Access to energy is still a challenge in Tanzania. It is estimated that around 70% of the population relies on biomass energy (charcoal and firewood) for cooking, which leads to the deforestation of about 400-500 hectares annually. The use of modern cooking technologies is limited by lack of access to efficient and environmentally friendly charcoal production as well as high costs of alternative energy sources, such as natural gas.
Access to electricity stands at 36 %, with most of the production coming from hydropower, which is becoming increasingly vulnerable to the effects of climate change. To partly meet the increasing demand, diesel generators are being relied on for commercial and residential power generation, leading to increased carbon emissions and higher costs for the end user. The current use of natural gas somewhat reduces reliance on hydropower and diesel.
There are several government policies, private sector initiatives, projects and programs that are being carried out in Tanzania’s energy sector, but the projects are often executed with limited coordination. This leads to duplication of efforts, ineffective use of resources and deviation from the achievement of national targets.
Under the leadership of the Ministry of Energy (MoE) with close cooperation from UNDP and other development partners, Tanzania’s Sustainable Energy for All (SE4ALL) five-year full-fledged project seeks to integrate the multi-tier efforts of the country towards providing universal access to energy, increasing the energy efficiency and renewable energy aspects.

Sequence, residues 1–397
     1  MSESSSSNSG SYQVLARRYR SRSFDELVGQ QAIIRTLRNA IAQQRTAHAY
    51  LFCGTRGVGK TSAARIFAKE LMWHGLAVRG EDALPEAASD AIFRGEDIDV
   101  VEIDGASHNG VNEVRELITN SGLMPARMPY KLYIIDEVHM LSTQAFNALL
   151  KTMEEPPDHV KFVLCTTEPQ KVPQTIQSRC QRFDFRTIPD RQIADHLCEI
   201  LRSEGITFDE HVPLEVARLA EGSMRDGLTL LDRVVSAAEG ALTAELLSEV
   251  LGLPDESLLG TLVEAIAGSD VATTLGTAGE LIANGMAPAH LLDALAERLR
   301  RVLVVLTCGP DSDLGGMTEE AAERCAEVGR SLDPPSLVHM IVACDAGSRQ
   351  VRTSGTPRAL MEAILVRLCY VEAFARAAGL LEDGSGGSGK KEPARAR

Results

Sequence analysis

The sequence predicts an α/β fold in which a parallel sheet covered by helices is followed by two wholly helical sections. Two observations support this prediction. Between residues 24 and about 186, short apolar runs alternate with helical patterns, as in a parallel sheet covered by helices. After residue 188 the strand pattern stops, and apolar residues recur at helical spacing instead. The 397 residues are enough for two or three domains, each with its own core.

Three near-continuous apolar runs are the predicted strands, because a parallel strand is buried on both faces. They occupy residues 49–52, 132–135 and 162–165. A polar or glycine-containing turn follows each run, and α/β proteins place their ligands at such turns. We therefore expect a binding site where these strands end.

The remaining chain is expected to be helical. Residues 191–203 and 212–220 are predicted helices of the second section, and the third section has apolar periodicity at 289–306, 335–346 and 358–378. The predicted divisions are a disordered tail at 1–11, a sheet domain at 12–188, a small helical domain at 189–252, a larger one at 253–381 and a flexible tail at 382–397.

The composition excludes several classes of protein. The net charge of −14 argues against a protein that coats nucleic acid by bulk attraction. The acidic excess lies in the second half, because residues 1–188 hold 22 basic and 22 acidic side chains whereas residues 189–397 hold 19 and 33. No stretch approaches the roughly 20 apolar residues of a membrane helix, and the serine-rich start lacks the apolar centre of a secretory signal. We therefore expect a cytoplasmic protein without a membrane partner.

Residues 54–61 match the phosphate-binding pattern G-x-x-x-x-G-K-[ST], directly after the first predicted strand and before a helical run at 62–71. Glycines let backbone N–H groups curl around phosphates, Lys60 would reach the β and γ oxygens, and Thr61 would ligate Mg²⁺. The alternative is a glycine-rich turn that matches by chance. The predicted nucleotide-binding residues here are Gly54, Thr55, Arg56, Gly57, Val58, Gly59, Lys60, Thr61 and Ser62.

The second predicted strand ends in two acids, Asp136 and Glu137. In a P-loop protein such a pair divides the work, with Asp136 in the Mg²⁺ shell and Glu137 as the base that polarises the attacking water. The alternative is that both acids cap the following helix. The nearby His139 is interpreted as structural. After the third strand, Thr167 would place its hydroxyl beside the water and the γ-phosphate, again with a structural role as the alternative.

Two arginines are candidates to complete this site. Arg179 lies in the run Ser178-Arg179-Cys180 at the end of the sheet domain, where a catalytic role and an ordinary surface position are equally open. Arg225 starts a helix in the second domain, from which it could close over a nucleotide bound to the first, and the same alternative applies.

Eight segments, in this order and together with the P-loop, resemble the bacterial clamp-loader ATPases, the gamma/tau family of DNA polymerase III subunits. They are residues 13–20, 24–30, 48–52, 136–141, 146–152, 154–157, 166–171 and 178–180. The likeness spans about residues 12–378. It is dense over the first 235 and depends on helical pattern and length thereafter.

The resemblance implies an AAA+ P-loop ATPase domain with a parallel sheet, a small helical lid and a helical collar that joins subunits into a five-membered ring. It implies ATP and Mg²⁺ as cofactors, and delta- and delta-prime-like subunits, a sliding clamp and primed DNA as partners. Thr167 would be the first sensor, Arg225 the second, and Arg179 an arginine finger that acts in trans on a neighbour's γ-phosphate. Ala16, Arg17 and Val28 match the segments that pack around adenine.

Investment in renewable energy generation is key to unlocking the natural renewable energy potential of Tanzania. The strategy is to come up with a supportive environment for business development, develop market networks, manufacture/make available quality products and attract investments from financial institutions and donor agencies. Grid expansion and energy efficiency under public administration will also be improved, contributing to scale up and roll out renewable energy initiatives.
Quality training and knowledge transfer will be ensured through a series of effective training approaches designed and monitored within the existing education system, which will incorporate renewable energy and energy efficiency issues.
Through a multi-stakeholder approach, the SE4ALL strategy aims to enhance coordination among stakeholders to oversee, collaborate and complement each other among the multiple government policies, initiatives, projects and programs that are currently being carried out in Tanzania’s energy sector.
Abbas Kitogo, Practice Specialist (Climate Change & Energy)
Find out more about the project by downloading the project fact sheet.